The day has been long. I’m sick of the city, I tell myself. My weary body won’t hold me up forever. Soon I will look like one of those old ladies everyone pities, until they become one themselves: lonely, back permanently hunched from urban living, weighed down by grocery bags and regrets.
My footsteps echo in the freezing station. I approach the melancholy refrain of a lone saxophone, playing just for me. The old man’s eye is foggy with cataracts, but his melody sees deep into my soul. Transfixed, I can’t help but smile.
“I write because the mundane really is magical.” – the writer
The ferry arrived 20 minutes ago, but I still feel the swell of the ocean. How strange the way we can preserve sensations in our bodies.
It’s the same with you. I still feel you pressed against me, swaying during our first dance. I still feel the lace of your white dress. That was 20 years ago.
I look at the sky. The sunset’s red streaks are like the lipstick marks you found on my collar a couple of years later. I arrive alone at my rental and sit down, regret still pulsing through my body like a violent ocean.
Michael Degnan lives in Peaks Island, Maine. He writes because “it helps him think.”
She lies in bed, 3.30 in the afternoon, spots of sunshine creeping across the curtains, and she thinks about death. She’s not scared of being dead. To be dead is to not be. It’s the dying bit that’s a hassle. She’s not into pain, not into fear, not into leaving a mess behind for someone else to deal with. And besides, she hasn’t finished watching that TV series about the serial killer and the kinky cop. She gets out of bed, 4.10 in the afternoon, crisis averted, and smears herself in an overpriced anti-aging skin serum, from hairline to nipples.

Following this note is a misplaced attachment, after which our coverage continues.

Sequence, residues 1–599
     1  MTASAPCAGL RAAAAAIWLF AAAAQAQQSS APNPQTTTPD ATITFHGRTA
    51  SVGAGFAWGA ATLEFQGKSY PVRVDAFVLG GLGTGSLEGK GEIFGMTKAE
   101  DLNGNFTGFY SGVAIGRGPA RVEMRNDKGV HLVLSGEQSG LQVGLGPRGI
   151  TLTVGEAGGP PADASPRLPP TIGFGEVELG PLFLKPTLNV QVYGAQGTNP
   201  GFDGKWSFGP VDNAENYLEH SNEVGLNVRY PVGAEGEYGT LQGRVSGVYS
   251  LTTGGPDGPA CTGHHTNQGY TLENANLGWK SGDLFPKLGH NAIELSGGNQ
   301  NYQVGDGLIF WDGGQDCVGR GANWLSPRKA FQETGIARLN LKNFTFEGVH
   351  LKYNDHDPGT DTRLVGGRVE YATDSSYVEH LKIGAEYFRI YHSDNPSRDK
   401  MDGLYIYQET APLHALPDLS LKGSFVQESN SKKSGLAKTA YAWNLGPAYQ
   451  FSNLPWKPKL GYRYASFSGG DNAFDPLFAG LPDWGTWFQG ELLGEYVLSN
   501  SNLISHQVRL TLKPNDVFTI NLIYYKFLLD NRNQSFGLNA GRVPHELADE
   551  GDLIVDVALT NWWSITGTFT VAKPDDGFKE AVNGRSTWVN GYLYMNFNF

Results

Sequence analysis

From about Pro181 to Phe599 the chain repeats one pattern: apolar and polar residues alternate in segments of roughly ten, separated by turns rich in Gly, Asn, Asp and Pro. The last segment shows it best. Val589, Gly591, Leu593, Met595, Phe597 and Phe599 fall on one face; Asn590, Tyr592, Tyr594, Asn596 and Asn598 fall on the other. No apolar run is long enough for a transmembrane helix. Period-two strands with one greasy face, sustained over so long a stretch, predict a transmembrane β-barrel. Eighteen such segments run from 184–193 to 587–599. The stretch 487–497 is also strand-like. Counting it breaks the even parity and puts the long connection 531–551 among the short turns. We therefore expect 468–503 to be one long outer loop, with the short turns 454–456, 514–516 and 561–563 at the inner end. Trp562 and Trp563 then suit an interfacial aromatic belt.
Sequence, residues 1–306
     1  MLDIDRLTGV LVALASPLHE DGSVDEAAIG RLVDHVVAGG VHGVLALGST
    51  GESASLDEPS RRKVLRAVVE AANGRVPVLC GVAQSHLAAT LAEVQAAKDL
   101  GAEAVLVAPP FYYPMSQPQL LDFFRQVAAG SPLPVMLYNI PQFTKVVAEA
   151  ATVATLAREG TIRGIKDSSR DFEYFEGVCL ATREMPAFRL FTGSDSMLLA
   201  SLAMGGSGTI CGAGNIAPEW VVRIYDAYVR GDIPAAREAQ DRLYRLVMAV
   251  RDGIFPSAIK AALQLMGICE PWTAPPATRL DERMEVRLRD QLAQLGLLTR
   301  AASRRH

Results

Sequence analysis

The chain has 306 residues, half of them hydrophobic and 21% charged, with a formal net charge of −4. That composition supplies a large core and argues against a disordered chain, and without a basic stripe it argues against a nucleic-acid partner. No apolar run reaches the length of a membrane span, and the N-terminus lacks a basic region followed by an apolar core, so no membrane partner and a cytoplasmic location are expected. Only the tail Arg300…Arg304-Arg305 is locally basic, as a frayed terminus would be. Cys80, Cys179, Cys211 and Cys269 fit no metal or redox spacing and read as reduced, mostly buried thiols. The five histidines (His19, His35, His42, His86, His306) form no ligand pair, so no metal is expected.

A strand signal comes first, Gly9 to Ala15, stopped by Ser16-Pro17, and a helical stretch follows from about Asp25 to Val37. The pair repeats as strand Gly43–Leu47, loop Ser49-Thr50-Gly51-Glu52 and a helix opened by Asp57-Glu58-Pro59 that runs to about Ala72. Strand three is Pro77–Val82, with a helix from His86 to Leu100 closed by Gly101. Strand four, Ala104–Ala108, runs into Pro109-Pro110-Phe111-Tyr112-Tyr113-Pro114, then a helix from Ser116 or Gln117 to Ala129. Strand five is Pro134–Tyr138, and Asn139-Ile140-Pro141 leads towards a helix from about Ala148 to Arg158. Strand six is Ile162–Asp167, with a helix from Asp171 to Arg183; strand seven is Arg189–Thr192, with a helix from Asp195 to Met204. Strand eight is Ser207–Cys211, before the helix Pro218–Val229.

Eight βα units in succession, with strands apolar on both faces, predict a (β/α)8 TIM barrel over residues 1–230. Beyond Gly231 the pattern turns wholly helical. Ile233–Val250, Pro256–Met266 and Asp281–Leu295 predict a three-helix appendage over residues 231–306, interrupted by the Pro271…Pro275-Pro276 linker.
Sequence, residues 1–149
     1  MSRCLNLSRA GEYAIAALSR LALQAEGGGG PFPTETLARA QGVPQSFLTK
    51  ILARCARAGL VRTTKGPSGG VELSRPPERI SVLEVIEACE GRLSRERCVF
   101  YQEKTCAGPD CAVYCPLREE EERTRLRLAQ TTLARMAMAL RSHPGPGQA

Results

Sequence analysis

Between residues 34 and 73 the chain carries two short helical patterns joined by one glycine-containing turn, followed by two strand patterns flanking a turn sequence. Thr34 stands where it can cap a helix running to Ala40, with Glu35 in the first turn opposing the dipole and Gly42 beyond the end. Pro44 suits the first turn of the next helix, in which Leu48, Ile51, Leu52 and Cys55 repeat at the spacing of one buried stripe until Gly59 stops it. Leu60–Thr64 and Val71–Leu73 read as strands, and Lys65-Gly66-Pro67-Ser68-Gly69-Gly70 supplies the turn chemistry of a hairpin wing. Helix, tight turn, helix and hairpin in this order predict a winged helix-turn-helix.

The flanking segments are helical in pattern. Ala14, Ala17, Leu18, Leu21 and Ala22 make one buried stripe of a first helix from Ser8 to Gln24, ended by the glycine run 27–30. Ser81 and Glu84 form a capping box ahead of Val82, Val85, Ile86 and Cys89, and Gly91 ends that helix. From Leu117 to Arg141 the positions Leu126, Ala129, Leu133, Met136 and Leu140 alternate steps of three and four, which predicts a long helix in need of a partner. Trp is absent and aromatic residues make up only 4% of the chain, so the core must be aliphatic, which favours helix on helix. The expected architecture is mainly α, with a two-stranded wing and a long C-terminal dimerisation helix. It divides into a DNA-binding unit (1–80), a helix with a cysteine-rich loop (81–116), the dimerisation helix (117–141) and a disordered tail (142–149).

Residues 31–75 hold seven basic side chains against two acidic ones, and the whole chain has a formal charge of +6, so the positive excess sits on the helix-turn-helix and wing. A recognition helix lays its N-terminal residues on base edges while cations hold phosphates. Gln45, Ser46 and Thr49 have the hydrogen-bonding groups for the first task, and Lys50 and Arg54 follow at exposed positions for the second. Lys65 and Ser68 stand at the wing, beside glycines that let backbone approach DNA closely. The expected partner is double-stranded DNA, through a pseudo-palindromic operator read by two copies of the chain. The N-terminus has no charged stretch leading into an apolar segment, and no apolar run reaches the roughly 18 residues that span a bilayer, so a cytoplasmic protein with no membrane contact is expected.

“I write because my brain won’t shut up.” – the writer
I can’t remember when I first noticed the little bird, a wheatear. When the telephone rang it appeared at the window and when I hung up the handset, I would drop some seeds or crumbs outside.
A bond developed between us and mutual expectation. The bird became my companion, and I was its source of titbits. We were creatures of habit, and the little bird became a great comfort to me in my moments of deep anxiety.
The bird will migrate soon, what will I do? I wished the calls would stop, or at least whoever it was, would speak.
“I write to free the souls trapped in the cavity of my imagination.” – the writer
When he says he feels the happiest these days, she can only smile. She doesn’t congratulate him, nor say she’s happy too. Because she envies him. She’s always wondering how it feels when someone’s genuinely happy. She can only dream about it. But when someone so close to her says they’re happy, she suddenly thinks she’s left behind. Everyone she knows has found happiness, why can’t she? Why does she always think she’s trapped in misery? Why can’t she move on? And in the end, she can only cry. Silently. Without, no one knows.
Andaritian writes because “it keeps her sane in the crazy world that seems to always want to drag her down.”